By Karima Khan Aug. 15, 2019
With two sisters and no brothers, my FOMO would peak annually during Raksha Bandhan season. Older and wiser, I don’t believe the rakhi is exclusively meant only for male siblings and cousins, but every one who protects us, showers us with love and wisdom, and makes life a little more playful and colourful.
y sisters might want to disown (or at least diss) me for this confession, but while growing up, I was always jealous of my girlfriends who had brothers. It was no fault of my sisters, only that the younger me was taking cues from classic TV shows like Dekh Bhai Dekh, Lizzie McGuire, and Avatar: The Last Airbender, all of which presented to the audience a brother and sister who share a love-hate relationship. During lunch hour in school, my friends would always swap stories of the latest shenanigans their brothers pulled off and got away with, and I would listen mutely, eager to join in the conversation but bereft of anything to contribute.
Despite the fact that I have no brothers, I never went wanting for sibling love thanks to my two older sisters. We’d braid each other’s hair and they would tell me about boys and relationships. Those are all cherished memories now, but were deathly boring to a restless youngster. I wanted spice, and I thought the only way to get it was if I had a brother. I knew it wasn’t something I could ask my parents. I had tried and was instead told, “But you have cousins, it’s the same!” so I knew better than to ask again.
All this brotherly love FOMO would peak annually during Raksha Bandhan season. I can’t even tell you how much I hated sitting through Cadbury Celebrations commercials. Where were the Skip Ads buttons when you really needed them?
Even though this was a time before Instagram, I knew what gifts everyone had received from their brothers almost as soon as they got them. I tried to spare myself from the worst of it by claiming I suddenly had too much homework to do, and spending time in the library rather than sitting with my friends for lunch during Rakhi week. But floating gossip that Rashmi got the new Barbie watch, Priya got that huge teddy bear from Archies, and Ashwini got a Nokia mobile phone always found a way to reach my reluctant eardrums. I remember going home, sinking deep into a sajdah , and praying to Allah to give me a brother, or make another holiday for me, someone with no brothers but two loving sisters.
Despite the fact that I have no brothers, I never went wanting for sibling love thanks to my two older sisters.
As time passed, I grew wiser. Raksha Bandhan went from being a festival where my friends got gifts, to me finally understanding that the festival’s name literally means “a protective bond” between siblings who couldn’t be more different from each other.
Alongside this realisation, I watched my sisters grow into these badass ladies. They quickly went from being my family to being my heroes. I borrowed their pens for luck in exams, I sobbed in their arms as I went through heartbreak, and I panic-dialled them when the time came to file taxes. They protected me from my parents on the odd days I got yelled at, and always diffused fires for me to the best of their ability. If I had to pay them for every time they saved me from our mother’s flying chappal, my grandchildren would be in debt to theirs.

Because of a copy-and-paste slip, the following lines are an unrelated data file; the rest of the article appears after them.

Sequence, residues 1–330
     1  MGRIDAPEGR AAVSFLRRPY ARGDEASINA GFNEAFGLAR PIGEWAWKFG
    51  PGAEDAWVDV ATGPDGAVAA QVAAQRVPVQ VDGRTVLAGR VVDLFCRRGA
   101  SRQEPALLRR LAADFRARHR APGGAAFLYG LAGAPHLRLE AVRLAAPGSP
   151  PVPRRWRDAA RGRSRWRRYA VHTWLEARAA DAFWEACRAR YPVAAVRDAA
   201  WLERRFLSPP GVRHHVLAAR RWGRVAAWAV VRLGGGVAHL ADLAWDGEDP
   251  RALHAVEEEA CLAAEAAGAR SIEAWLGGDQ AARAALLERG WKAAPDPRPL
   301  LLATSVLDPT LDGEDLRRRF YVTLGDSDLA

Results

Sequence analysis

My sisters have been my halo of love and security for over two and a half decades. When I think about it, I feel they have fulfilled a rakhi ka bandhan without me having tied it on them even once. And this only makes me realise that Raksha Bandhan is a symbol between siblings, and people who are like siblings to us. They try to protect us from anything that might hurt us, they shower us with love and wisdom, they make life a little more playful and colourful. And I want to tie a rakhi on all of them, and have one tied on my wrist in return.
I don’t believe the rakhi is exclusively meant only for male siblings and cousins. At work, I have a colleague who stays back with me on nights I’m working late, just so I won’t be the last one in office, and have to go home alone. I think I owe her a rakhi this year. I also owe one to my senior who always makes sure my voice is heard in during meetings. She’s my teacher and a shining mentor who showed me how to navigate a career in a male-dominated field, and I’m just as grateful for her protection and advice as I would have been for my nonexistent brother’s.
My sisters have been my halo of love and security for over two and a half decades.
I’m picking out a rakhi for my house-help, who keeps my house spotless, keeps me fed, and forces haldi doodh down my throat when I’m sick (but she does it out of love). One for my lady doctors who root for me and approach my problems with love and concern. Another one in spirit and prayer for all the feminists who exist now, and those who came before me. It is because of them that I can enjoy a free life.
And maybe one last rakhi for me, because you’ve got to have your own back. To protect yourself. While everyone else will, you also have to stand up for yourself. And may all of us continue to protect each other and ourselves, physically and in spirit. Thinking about it this way, I’m no longer jealous of my friends just because I don’t have a brother. Raksha Bandhan is now my favourite holiday – a chance for me to show my gratitude for everyone who empowers me in any way and makes this dull and difficult life worth living.
Karima is a writer and a standup comedian from Mumbai. Her blood tests have revealed that she's mostly made of shawarma. She enjoys back scratches and writing in third person because that's how you feel #official. Hit the girl up on Twitter @karimasanela.